Back to top
What should I know about closing a sale?
Federal law requires that the buyers be notified of the closing costs at least 24 hours before the closing. These costs may include fees for the loan application, property appraisal, title search, attorney's fees, and title insurance. (Title insurance protects the buyer against any claim overlooked in the search.)
Generally, you must be prepared to pay these fees and the agreed-upon down payment on the house. The lender pays the remainder of the cost of the house. The seller will pay the real estate agent's fee and title transfer. At the closing, the documents are signed that complete the sale.
What other documents should I be aware of?
The document that represents the passing of ownership from the seller to the purchaser is the deed. The deed states that for a particular sum of money, the seller grants (or conveys) to the purchaser the property described. Once the deed is signed by the seller and handed to the purchaser, the purchaser becomes the owner of the property.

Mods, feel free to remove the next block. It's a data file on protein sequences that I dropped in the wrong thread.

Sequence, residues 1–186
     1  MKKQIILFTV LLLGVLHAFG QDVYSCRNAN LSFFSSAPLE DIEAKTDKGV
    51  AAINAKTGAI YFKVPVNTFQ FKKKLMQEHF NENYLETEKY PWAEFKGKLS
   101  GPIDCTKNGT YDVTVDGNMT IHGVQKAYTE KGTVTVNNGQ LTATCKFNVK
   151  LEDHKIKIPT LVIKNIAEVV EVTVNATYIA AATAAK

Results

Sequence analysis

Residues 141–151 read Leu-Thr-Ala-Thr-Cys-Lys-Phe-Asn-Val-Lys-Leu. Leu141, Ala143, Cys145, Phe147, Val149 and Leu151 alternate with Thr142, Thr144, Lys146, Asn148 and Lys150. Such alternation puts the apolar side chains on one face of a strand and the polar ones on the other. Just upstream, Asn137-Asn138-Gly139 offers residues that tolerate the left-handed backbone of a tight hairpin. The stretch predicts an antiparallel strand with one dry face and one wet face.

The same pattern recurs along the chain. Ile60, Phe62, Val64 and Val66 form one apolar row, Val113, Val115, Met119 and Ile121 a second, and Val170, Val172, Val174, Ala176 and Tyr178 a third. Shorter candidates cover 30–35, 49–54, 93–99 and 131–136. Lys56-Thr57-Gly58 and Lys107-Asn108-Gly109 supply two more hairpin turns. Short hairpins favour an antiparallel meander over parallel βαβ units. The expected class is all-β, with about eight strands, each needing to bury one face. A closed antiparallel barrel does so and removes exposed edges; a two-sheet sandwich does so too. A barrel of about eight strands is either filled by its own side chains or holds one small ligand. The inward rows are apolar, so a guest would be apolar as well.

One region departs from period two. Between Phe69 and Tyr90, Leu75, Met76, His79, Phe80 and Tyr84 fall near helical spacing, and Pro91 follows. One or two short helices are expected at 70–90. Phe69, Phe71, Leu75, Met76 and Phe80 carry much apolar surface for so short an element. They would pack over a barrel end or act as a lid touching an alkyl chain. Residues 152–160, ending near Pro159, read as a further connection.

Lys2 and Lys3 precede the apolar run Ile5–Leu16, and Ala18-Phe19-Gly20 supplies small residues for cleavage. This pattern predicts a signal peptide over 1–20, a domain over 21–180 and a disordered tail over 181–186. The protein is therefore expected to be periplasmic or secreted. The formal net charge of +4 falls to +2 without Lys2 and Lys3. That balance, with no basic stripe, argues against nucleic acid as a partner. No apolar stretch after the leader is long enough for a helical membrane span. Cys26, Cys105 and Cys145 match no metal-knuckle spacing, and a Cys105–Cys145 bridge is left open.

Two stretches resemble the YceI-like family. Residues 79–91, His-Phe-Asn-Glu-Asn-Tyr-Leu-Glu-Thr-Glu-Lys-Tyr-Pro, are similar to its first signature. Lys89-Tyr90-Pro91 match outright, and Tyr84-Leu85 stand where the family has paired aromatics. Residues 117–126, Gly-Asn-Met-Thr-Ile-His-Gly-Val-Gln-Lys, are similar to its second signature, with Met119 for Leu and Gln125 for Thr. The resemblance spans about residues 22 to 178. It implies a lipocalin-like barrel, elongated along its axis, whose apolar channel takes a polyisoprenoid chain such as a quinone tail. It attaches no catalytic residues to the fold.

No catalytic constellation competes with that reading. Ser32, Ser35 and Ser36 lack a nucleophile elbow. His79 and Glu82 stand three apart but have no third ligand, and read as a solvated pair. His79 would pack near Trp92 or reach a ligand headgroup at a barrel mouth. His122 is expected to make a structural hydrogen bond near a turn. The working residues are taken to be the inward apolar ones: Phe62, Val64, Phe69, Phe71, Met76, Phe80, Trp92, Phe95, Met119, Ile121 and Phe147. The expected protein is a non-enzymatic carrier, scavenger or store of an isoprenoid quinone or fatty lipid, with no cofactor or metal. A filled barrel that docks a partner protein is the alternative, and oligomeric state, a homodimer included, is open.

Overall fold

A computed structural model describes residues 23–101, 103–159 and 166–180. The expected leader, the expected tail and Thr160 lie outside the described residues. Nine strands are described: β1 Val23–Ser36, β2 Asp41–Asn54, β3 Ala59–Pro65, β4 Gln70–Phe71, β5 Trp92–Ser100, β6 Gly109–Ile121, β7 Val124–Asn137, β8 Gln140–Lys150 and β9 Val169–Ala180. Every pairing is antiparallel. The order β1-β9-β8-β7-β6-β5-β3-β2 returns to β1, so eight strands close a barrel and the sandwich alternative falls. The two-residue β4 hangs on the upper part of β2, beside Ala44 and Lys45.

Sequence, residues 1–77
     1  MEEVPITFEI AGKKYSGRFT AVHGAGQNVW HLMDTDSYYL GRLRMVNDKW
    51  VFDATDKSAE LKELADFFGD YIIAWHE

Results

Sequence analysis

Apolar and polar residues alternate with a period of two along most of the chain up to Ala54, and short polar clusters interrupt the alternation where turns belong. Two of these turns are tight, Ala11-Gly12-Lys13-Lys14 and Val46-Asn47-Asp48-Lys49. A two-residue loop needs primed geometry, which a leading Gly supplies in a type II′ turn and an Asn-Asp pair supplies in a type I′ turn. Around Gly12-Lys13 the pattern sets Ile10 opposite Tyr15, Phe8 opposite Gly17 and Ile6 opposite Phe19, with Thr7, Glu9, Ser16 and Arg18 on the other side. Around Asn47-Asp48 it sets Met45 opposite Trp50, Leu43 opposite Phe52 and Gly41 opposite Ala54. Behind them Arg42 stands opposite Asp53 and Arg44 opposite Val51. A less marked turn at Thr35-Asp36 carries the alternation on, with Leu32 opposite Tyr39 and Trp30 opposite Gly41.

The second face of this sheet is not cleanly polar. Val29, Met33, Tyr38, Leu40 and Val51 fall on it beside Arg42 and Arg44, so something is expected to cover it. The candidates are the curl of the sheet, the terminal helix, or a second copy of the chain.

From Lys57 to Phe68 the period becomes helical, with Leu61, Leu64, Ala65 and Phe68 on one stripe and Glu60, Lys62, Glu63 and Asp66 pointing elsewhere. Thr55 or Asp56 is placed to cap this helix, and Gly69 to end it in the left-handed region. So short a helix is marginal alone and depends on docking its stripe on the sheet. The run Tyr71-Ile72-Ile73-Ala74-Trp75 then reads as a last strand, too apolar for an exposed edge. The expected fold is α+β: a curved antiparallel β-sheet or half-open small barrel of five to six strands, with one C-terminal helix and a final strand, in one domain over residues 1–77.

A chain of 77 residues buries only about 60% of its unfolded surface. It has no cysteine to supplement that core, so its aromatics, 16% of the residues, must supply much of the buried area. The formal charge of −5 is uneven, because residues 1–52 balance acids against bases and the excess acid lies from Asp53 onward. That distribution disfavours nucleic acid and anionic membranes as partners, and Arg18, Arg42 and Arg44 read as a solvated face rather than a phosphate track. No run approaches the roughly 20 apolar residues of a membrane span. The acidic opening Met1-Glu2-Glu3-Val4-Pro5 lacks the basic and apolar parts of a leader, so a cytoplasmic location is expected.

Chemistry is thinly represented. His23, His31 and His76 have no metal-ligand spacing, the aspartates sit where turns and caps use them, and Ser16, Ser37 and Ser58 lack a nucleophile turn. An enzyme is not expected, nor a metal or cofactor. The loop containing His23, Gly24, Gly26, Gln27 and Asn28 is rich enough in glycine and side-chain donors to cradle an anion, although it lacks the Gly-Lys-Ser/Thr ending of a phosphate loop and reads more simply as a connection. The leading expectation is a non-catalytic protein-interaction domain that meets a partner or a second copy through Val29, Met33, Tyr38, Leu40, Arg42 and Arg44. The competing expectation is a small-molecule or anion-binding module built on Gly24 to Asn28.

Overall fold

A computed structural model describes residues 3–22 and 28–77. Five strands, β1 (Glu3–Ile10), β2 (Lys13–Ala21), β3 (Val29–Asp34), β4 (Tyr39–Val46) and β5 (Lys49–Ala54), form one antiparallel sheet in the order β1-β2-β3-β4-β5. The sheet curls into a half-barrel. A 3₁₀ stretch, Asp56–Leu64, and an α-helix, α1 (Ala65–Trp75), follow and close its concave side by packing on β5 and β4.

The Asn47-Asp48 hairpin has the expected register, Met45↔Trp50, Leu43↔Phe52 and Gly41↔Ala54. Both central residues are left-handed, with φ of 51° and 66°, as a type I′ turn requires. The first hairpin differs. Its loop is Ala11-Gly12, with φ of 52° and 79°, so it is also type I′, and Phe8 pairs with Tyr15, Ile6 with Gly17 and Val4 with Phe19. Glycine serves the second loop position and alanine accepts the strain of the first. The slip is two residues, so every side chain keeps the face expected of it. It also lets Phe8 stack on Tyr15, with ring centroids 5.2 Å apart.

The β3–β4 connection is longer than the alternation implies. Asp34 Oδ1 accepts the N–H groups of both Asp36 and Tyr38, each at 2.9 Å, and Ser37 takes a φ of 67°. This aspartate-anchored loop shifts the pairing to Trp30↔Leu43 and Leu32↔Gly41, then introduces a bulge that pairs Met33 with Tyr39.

When the purchaser finances the property with a mortgage, another document is required. This document is known in Georgia as a deed to secure debt. This deed establishes the new buyer's property as collateral for the loan. The deed to secure debt is executed (or signed) by the purchaser and given to the lender.
After the sale is closed, the signed documents must be recorded at the local courthouse. By recording each real property sale, land records can be safely and centrally maintained.
Back to top
What happens if I can't repay the loan?
If a mortgage loan is not repaid as agreed, the mortgage lender may obtain the collateral and sell it to satisfy the debt. This process is known as foreclosure.
The house may be sold at a public sale.
Note that property can also be seized and sold at public sale by a county government to meet unpaid property tax debts. Those who fail to pay the tax assessed on their house must also be notified before the sale.
Back to top